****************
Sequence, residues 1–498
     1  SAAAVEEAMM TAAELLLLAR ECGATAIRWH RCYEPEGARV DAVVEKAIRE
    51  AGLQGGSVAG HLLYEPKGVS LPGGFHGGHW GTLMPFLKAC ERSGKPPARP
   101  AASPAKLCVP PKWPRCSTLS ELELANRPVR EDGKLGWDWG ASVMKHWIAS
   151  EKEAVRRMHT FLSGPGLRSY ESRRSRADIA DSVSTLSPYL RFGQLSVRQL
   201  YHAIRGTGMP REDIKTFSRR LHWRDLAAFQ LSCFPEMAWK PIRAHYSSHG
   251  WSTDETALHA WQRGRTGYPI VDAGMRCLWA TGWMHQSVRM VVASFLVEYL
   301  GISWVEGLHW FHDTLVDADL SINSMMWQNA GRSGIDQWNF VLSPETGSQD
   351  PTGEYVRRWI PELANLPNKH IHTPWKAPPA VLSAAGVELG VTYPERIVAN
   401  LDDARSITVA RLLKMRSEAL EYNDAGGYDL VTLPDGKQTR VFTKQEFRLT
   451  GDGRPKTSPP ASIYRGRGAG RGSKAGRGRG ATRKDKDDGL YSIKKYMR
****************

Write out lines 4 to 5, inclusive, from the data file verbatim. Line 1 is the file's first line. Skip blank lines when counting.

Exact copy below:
   101  AASPAKLCVP PKWPRCSTLS ELELANRPVR EDGKLGWDWG ASVMKHWIAS
   151  EKEAVRRMHT FLSGPGLRSY ESRRSRADIA DSVSTLSPYL RFGQLSVRQL